Jurni Rayne Karaoke tonight at the Brick

This is a Jurni…into sound

For us non-singers, it’s daunting to partake in karaoke. A few drinks are necessary to take on Neil Diamond’s “Sweet Caroline.” That’s where the host comes in, because they usually have the better voice. And in this case, Jurni Rayne has a phenomenal one. She hosts The Brick’s Tuesday night karaoke, but really, you just may want to hear her belt out a few ones.

DEETS: The Brick, 2525 Wycliff Ave. 9 p.m. BrickDallas.com.

—  Rich Lopez

Drawing Dallas • 11.25.11

As ‘Twilight’ returns, Skylar Brooks shows blood sucking can be a service

MARK STOKES  | Illustrator
mark@markdrawsfunny.com

Name and age: Skylar Brooks, 24

Occupation: Testing coordinator, Resource Center Dallas, and shift manager, Starbucks

Spotted at: Exxon on the Run at Maple and Oak Lawn

A twinkle in her unbelievably pale blue eyes and an effervescent smile are the first things you notice about this fine Virgo. Born in Monroe, La., and raised in Euless and Bedford, the perpetually positive Skylar considers herself a clown and a jokester — smiles and laughter come to her quite freely. She came out at 16.

She loves the nightlife. Skylar loves to dance, and her freestyle moves on the floor have garnered her three “dance off” wins at Station 4. She also loves to sing, especially R&B (Brian McKnight is a favorite). She auditioned for American Idol last year, and while she didn’t get through, says she’s determined to try again. Her love of music and dance is hereditary: Her mother was on the drill team and danced ballet, and her father plays drums and the trumpet and loves to belt out a song.

In addition to indoor activities, she plays midfield and forward in a local soccer league, and basketball for fun. Skylar loves to travel, she has a special affinity for the Caribbean (Dominican Republic, Bahamas).

Enter love  “Three months in, I knew she was the one,” says Skylar of her fiancé, Shereen, whom she met through mutual friends 18 months ago; they have a wedding set in Vermont next June. Both of their families are excited for them.

Skylar’s goal is to become a surgical technician. Her motto: “I help people one blood draw at a time.”

This article appeared in the Dallas Voice print edition November 25, 2011.

—  Michael Stephens

Cultural Environment in Bible Belt promotes Gay Hate Crimes

Another obvious hate crime occurs in Tulsa, Oklahoma. These kinds of attacks are starting to get the attention and recognition from the local media that they deserve, but we have a long way to go before we are treated the same way as other suspect classes when they are attacked simply for being who they are.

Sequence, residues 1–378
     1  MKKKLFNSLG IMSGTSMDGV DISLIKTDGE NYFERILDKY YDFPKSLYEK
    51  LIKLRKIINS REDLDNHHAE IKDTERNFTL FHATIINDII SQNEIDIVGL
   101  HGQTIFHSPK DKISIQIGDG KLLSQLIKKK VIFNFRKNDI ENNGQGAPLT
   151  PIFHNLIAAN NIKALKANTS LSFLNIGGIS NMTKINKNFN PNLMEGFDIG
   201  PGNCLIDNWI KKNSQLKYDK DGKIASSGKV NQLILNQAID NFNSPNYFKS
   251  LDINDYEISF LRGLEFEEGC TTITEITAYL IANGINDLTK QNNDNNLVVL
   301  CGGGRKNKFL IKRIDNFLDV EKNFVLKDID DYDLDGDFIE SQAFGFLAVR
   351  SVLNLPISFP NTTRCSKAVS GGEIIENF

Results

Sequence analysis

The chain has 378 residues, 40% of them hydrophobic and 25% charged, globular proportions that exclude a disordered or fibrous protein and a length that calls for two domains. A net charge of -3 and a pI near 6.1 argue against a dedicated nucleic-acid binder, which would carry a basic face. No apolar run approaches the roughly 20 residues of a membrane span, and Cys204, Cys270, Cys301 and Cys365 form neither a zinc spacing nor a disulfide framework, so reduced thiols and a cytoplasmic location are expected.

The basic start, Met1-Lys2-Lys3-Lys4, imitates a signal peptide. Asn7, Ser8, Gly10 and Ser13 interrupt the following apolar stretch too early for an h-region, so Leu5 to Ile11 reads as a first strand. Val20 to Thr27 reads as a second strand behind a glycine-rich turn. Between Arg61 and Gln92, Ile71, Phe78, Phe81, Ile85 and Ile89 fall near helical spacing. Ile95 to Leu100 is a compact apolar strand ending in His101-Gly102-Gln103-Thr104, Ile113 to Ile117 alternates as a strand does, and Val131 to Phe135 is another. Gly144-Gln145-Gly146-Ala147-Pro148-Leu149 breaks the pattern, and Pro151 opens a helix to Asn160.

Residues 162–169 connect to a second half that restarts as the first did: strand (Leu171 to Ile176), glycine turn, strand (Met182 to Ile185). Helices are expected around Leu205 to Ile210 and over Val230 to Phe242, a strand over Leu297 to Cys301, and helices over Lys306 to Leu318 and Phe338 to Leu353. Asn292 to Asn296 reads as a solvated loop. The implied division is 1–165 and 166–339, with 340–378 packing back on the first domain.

Actually, a straight friend of mine was the one who notified me of this particular attack. He wanted to relay his experience at his day labor job site where he was working. He was disturbed that his coworkers, who consisted of four blue collar types, were not the least bit ashamed to laugh and make fun of the victim, during the segment on the local television news, while proclaiming, “Hahaha! That is what those f*ggots get for being there!” My friend felt compelled to tell me their reaction because he knows I’m active in civil rights for the LGBT community. If our government is serious about sending any message to our LGBT youth that “It gets better,” then they need to follow through on the promises made to our community that we will no longer be treated as second class citizens, and subject to state sanctioned discrimination and even violent assaults simply for being gay.

There is a pervasive cultural attitude by certain segments of society, especially in the southern United States, that LGBT people deserve to be attacked. There was a time when African Americans experienced this treatment and was completely ignored by the state. Imagine what would happen on a job site had an African American been assaulted and the workers taunted the victim by saying, “The (n-word) deserved what he got for being there!” Yes, less than sixty years ago those words would have been tolerated, embraced and even celebrated as part of the Southern culture. It was wrong then, and it is wrong now, even though they’ve simply chosen the LGBT community as their acceptable state sanctioned scapegoat.

Maybe next Thanksgiving we will be able to celebrate being more full and equal citizens of our own country? This Thanksgiving I’m thankful for the resolve to never give up and keep fighting until we have every single right all other Americans enjoy.




AMERICAblog Gay

—  admin